Sleep apnea is also spelled as apnoea, which is a sleeping disorder in which it causes a pause breathing or shortage of breath or shallow breathing for a short time which is normal. Each pause can last for few seconds to few minutes and happen many times at night. This is then followed by snoring, and when the breathing resumes, there may be a choking or snorting sound. Adults with disorders can experience sleeplessness or feel tired. Children with the same disorders can be hyperactive or face difficulties in school.
Children With Sleep Apnea Are At High Risk Of High Blood Pressure
There are two different types of Sleep apnea. One is obstructive sleep apnea that is the breathing gets interrupted due to the blockage of the airway, and the other one is central sleep apnea, in which regularly unconscious breath stops simply. The treatment for the above disorder may include lifestyle changes, mouthpieces, breathing devices, and surgery. The lifestyle changes may be avoiding alcohol, losing weight, quit smoking, and sleeping on one’s side. Breathing devices also include a CPAP machine. With the proper use of a CPAP device, one can overcome this problem of breathing. Only 15% of the countries in the entire world use CPAP or breathing devices and in the developing countries, only 1% of them adopt using this device.
Hypertension is also known as High Blood Pressure, a long-term medical condition where the blood pressure in the arteries is elevated. There are no prior symptoms of high blood pressure, but unmonitored long term high blood pressure can lead to stroke, coronary artery disease, heart failure, vision loss, chronic kidney disease, and dementia. High blood pressure can be classified into primary and secondary blood pressure. 90-95% of cases are primary blood pressure which is caused by poor lifestyle and genetic factors. The lifestyle factors that increase the risk factors are an increase in salt intake, excess body weight, smoking, alcohol use. The remaining 5%-10% of the cases are secondary high blood pressure which is due to an identified cause such as chronic kidney disease, narrowing of the kidney stones, and many more.
As per the reports of the American Heart Association, children with obstructive sleep apnea who will not outgrow from the disorder are at high risk of high blood pressure when they reach teenage compared to those who do have a breathing problem. The studies also found that children whose sleep apnea disappears in adolescence don’t have the risk of high blood pressure.
Obstructive Sleep Apnea, when the breathing is paused during sleep and the high blood pressure is linked. And few researchers also looked at the long-term effects, and the results were found to be there are three types of sleep apnea. The academy estimates about 30 million adults went undiagnosed. But it also affects kids. There was a new study conducted where 421 children were monitored overnight who were between the age of 5 – 12 years, and it was found that 12% of children suffered from mild obstructive sleep apnea.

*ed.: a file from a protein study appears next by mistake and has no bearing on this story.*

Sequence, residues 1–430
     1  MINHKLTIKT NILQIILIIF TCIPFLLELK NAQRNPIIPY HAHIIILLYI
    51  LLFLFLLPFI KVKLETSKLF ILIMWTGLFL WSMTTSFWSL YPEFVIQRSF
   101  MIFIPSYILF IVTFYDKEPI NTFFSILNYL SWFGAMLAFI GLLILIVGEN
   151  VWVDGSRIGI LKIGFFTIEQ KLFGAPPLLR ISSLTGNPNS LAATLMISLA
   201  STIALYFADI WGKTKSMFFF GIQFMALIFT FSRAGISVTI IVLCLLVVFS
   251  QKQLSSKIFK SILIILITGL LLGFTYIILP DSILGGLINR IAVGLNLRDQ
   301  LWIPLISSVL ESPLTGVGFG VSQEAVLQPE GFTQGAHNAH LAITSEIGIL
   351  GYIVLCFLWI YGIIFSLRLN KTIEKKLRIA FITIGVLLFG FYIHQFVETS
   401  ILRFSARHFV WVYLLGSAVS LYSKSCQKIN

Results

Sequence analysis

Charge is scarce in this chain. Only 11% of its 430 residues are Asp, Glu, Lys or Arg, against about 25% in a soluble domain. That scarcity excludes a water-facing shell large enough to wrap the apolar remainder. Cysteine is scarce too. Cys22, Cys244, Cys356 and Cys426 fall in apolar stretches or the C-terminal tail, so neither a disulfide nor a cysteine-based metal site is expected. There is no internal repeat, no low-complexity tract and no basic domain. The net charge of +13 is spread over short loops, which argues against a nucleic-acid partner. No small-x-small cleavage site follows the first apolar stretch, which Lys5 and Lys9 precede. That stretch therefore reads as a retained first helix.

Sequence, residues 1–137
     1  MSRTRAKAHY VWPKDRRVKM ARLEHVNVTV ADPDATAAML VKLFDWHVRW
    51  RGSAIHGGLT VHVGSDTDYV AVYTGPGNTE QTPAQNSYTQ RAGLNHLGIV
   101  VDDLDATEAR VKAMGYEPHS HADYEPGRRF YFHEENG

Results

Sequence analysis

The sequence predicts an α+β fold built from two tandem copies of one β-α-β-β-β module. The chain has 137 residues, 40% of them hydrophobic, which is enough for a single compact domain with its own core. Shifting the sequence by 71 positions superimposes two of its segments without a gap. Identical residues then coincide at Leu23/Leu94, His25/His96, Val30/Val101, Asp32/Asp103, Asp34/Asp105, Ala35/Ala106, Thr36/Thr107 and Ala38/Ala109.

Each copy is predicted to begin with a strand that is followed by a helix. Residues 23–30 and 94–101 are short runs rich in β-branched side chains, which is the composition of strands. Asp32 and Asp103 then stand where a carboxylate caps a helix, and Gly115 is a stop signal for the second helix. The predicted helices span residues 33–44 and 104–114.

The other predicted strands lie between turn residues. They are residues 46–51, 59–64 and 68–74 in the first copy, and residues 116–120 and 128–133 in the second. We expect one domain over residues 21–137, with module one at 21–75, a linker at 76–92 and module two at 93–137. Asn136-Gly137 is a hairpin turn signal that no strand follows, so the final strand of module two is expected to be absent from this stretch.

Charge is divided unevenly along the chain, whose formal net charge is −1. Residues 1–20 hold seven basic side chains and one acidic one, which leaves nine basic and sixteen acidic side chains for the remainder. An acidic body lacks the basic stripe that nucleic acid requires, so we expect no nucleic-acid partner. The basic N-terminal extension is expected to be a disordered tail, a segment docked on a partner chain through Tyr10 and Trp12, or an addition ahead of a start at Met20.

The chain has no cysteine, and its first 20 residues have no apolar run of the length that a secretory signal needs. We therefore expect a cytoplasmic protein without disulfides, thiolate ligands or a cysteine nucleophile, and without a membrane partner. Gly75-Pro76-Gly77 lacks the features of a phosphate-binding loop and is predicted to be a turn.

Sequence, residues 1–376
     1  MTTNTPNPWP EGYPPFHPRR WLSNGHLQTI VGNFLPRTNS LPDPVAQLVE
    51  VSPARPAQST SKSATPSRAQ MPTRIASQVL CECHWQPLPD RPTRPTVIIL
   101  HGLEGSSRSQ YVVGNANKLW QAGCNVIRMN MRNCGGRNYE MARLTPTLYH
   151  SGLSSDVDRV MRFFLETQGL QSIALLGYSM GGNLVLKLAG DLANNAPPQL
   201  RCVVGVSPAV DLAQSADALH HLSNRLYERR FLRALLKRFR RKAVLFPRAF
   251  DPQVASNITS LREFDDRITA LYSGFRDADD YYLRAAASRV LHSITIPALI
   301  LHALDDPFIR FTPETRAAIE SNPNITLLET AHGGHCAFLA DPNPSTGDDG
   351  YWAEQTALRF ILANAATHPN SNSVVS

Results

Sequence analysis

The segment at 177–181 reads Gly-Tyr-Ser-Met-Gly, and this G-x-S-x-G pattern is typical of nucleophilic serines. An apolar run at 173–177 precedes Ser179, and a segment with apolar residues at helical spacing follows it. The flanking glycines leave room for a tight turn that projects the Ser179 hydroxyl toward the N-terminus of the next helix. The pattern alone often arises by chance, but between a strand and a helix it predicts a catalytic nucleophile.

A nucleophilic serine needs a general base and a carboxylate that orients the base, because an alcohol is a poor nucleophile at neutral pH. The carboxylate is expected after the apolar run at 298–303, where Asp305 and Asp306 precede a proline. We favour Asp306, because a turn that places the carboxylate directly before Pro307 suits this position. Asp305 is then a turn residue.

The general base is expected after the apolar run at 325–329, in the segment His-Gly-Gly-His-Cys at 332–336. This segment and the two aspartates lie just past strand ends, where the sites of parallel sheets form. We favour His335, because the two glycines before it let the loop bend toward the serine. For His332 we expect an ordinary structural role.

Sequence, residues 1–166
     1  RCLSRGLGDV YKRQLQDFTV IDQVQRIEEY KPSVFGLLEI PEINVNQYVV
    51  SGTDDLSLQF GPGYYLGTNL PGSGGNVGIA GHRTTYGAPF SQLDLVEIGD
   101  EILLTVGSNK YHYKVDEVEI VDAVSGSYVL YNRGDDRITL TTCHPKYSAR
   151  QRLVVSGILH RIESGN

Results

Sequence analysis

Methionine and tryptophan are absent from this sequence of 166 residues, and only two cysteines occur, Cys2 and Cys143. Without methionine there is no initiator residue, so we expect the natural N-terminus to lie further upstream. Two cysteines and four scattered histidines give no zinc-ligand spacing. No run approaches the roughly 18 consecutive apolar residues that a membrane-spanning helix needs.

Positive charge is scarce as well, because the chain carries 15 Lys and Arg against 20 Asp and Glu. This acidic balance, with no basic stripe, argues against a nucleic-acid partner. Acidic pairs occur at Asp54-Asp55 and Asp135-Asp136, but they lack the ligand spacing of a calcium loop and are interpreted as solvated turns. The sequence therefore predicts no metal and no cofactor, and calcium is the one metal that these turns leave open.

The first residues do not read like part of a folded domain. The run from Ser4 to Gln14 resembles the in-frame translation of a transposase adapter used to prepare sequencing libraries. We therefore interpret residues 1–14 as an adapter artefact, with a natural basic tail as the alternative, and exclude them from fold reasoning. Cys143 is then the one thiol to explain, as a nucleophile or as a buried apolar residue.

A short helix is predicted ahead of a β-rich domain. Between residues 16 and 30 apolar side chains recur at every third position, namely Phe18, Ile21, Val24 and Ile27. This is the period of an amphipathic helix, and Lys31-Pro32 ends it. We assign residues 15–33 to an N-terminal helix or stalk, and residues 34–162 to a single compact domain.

After a seven-year follow-up, most of the children between the age group 12 – 19 years outgrow the disorder, and it was more than half of the children outgrew the disorder. After considering the factors such as sex, age, ethnicity, level of obesity, and whether the children have tonsils or adenoids removed, researchers found that children whose sleep apnea did not outgrow even in adolescence had 2.9 fold higher odds of having high blood pressure when compared to the children who did not have the above-mentioned problems. It was also found out the if the children suffered sleep apnea in teenage, there were like 1.7 times more chances to have the risk of high blood pressure.
With over 15 years as a practicing journalist, Nikki Attkisson found herself at Powdersville Post now after working at several other publications. She is an award-winning journalist with an entrepreneurial spirit and worked as a journalist covering technology, innovation, environmental issues, politics, health etc. Nikki Attkisson has also worked on product development, content strategy, and editorial management for numerous media companies. She began her career at local news stations and worked as a reporter in national newspapers.